Since Oct. 1, the beginning of the fiscal year, the Coast Guard has intercepted close to 5,000 people from Cuba at sea and about 1,200 people from Haiti attempting to migrate to the U.S. At the current pace, Cuban interdictions by the Coast Guard are set to triple what they were last fiscal year, which was already the highest in almost a decade.
Smuggling launching pads
Nine months ago during another flyover, Cay Sal Bank looked like any remote Bahamian island in the middle of the ocean. But these days, the island and the nearby islands of Elbow Cay and the Anguillas have become landmarks of increased Cuban migration and offer a clue on how migrants may be making the journey. The islands appear to be stopovers for migrants, or a place for them to wait when things go wrong with their journey to the United States. The islands have become littered with abandoned boats.
Sometimes migrants are forced to seek refuge on the islands because of weather or because of a boat breakdown. Last February, the Coast Guard rescued three people who had said they were stranded on the island for 33 days and survived by eating coconuts.
But as the migration to South Florida increases, the Anguilla Cays, Cay Sal Bank and Elbow Cay are also being used as a launching pad for smugglers who have migrants wait there until they can be transported for the rest of the journey. Other tell-tale signs that people have been camping out on the islands include discarded clothing, tents and parachutes from Coast Guard planes dropping supplies to the stranded.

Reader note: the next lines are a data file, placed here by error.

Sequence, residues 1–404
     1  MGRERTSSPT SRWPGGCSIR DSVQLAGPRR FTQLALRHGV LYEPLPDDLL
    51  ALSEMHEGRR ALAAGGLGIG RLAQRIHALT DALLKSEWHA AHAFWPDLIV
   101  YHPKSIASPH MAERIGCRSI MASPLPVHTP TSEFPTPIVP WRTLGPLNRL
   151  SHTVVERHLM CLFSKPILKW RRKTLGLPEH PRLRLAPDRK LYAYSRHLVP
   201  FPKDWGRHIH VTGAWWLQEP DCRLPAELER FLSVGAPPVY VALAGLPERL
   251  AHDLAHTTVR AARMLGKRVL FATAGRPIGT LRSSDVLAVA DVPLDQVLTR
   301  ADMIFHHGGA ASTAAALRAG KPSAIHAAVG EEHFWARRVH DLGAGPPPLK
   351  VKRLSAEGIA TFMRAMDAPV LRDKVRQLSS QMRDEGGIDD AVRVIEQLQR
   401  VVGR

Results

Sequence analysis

On last weekend’s patrol, the Ocean Sentry’s crew — Zwenger, Mitcheltree, aviation electrician mates Petty Officer 2nd Class Brian Carty and Petty Officer 2nd Class Ian Angell, along with aviation maintenance technician Petty Officer 3rd Class Alonzo Williams — makes a run from Coast Guard Air Station Miami down to the southern end of the Bahamas.
From there, the plane flies up to the Florida Straits, covering the roughly 100-mile-wide distance west, then cutting back east, overlapping the same route, looking for migrant boats. It’s a group effort, with the pilots looking out the windows of the cockpit, along with video screens on their console, Carty and Angell sitting in front of video and radar screens in the middle of the plane and Williams scanning the horizon out of the two bubble windows in the back.
If the crew determines people on an island or in a disabled boat need help, it’s Williams’ job to lower the back ramp door and drop supplies — food, water, blankets, a radio — to the distressed below.
Despite all of the eyes and technology aboard the C-144, it’s a very big ocean with thousands of boats on the water for legitimate reasons. It’s not hard for migrant vessels to slip past their view.
“The smaller ones, sometimes you don’t even see on the radar,” Mitcheltree says. Over the course of this latest chaotic maritime exodus from Cuba and Haiti, the Coast Guard has been “playing goalie” in its effort to spot migrant vessels before they reach the United States. Cuban boats are getting through because of the overwhelming numbers leaving daily. And larger Haitian freighters are reaching, or getting close to, the U.S. because they’re often piloted by smugglers who are seasoned sailors.